Does anyone have an opinion on the TEAC AD-800? I need to convert some cassettes to audio files. I had a great cassette deck once upon a time but it stopped working years ago.

Thank you!

housepianist's picture

Ah, yes, those were the days when it was a true hands-on experience to become involved with one's music - buying LP'S and CD's just to record them onto a cassette. I would still listen to LP's on a turntable for musical enjoyment but listening to that same music that was painstakingly and lovingly recorded on a tape was immensely enjoyable!

Here's what all the fuss was about (at least for me): Auto-reverse heads vs. non-reverse heads, tape head adjustments (if included), Dolby B vs. Dolby C (with or without HX-Pro) vs. dbx noise reduction circuits, manual bias vs. auto bias, manual recording level settings vs. auto recording level settings (some cassette players set the levels based on the highest sound peak on a CD - never cared for that), Cr02-coated tapes vs. metal oxide-coated tapes, the quality and material of the cassette shells (simple plastic shells glued together vs. polymer-based shells held together by no less than 5 tiny screws). Even the different metals and materials used for the tape head assembly was deemed to have an affect on the final outcome. 

This, my friends, was audio recording nirvana!

And like many of the arguments about digital music, there were many debates about whether a CD (and to some extent, an LP) recorded on a "proper" cassette player with a good quality tape and the "correct" level settings could actually sound better than the source. Fascinating stuff!

Although I listen primarily to digital music, I still pull out the occasional cassette from my 150+ collection and pop it into my 20-year old Technics RS-BR465. Of course, if needed, I make sure the head, pinch rollers, and tape guides are clean first!

It simply doesn't get any better than this!

 

 

dgb100's picture

I always loaded up on the Maxell XLIIS, like the sound of those even more than the higher end metals for some reason, and you push the signal pretty high and not saturate the tape. Tell you what, I have 30 year old tapes that sound fantatic and 5 year old CD-Rs that are nothing but beer coasters.  There is a reason CD-Rs are .30 cents a piece now.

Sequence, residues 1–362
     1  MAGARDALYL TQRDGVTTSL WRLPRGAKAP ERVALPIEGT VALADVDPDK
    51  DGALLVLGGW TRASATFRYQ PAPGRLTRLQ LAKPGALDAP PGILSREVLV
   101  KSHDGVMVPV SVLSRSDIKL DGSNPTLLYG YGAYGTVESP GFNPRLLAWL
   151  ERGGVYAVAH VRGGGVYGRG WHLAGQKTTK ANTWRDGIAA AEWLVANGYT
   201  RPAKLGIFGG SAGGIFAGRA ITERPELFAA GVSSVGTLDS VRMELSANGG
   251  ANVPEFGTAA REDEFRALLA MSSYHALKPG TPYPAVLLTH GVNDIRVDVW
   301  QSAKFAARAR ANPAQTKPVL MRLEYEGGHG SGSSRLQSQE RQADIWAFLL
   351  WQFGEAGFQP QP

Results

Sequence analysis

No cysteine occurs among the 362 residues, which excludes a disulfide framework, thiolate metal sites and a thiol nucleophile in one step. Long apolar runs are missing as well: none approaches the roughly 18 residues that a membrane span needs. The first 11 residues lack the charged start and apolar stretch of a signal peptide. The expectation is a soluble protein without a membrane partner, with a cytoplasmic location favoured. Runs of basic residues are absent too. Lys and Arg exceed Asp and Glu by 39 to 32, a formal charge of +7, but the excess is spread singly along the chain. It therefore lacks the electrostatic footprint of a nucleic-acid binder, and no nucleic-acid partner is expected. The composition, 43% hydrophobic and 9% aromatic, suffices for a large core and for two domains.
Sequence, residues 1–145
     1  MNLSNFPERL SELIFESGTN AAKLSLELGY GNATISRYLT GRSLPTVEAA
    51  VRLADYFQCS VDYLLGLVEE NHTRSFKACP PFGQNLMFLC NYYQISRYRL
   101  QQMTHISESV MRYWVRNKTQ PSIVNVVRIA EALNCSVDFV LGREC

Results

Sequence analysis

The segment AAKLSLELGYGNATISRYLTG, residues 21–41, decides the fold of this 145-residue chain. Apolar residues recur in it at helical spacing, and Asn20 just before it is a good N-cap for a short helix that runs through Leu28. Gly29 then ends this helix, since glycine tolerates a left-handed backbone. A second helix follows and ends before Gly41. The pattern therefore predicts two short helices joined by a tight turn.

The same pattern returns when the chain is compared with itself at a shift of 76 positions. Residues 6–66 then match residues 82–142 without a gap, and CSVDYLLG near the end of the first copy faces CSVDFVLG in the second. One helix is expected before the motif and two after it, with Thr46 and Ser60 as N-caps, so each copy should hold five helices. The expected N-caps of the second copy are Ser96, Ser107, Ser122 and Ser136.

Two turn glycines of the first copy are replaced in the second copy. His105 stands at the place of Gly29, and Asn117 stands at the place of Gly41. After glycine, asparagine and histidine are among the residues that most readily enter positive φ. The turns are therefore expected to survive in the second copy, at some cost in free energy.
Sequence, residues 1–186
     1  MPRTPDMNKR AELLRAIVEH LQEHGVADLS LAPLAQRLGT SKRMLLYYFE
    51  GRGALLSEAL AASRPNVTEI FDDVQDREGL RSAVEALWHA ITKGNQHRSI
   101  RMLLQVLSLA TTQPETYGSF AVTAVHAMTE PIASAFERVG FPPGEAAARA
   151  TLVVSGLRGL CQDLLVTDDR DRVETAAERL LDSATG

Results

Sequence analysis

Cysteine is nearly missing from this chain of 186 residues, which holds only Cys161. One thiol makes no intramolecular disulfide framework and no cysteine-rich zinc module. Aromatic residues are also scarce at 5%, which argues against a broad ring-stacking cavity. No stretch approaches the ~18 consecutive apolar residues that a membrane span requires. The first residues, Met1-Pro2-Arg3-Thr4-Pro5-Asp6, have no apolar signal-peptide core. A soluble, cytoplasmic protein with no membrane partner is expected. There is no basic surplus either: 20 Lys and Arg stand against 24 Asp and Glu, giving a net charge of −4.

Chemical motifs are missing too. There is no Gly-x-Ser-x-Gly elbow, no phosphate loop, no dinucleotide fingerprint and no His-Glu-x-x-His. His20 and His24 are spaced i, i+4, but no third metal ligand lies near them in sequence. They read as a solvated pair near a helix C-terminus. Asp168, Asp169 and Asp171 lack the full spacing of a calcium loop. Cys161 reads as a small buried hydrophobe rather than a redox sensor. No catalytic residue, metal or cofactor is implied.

dgb100's picture

I was a huge tape enthusiast but have given up due to the obscene prices of tape decks and blank cassettes.  I have a Nakamichi CR-5 which has finally bit the dust, transport conrtol is shot.  Luckily I recorded all my tapes to CD and HD.  Quite frankly I would put the sound of that deck up against just about any component out there.  It has a huge, wonderful soundstage and deep rich bass.  I had a Dragon and top of the line Yamahas, Onkyos, and some others, but the CR-5 was the best (its big brother the CR-7 likey is just as good but goes for 3-4 times the price due to the azimuth and auto-cal functions).  If you just want a nice simple deck for play back I would highly reccomend a Nak CR-2 which can be had fairly cheap.  Yamaha decks are also really nice and much cheaper than Naks.  On the downside, 90% of tape decks out there sound like hell either becuase they are garbage or they are out of alignment.

However they will go bad.  They always do, it may be messed up out of the box, or it might last five years, but either learn how to fix them or save up a fix-it-fund.  Unfortunately it appears some of the classic Naks from the 70s are simply unable to be repaired anymore.

But nothing is quite as engaging as getting all your tape settings, bias, etc just right to produce that killer tape. 

miner42's picture

Nothing like the warm sound of analog recordings.  So many DL & CDs these day are so hotly recorded that it is painfully fatiguing to listen to over a period of time.  I, too, one day will fnd the Nak that fits my needs and wallet.

PaulW's picture

I have one of those in perfect working condition along with many sealed high quality cassettes. Where would be the best place to find the current price for the 582Z and which site do you recommend for selling it?

Thanks!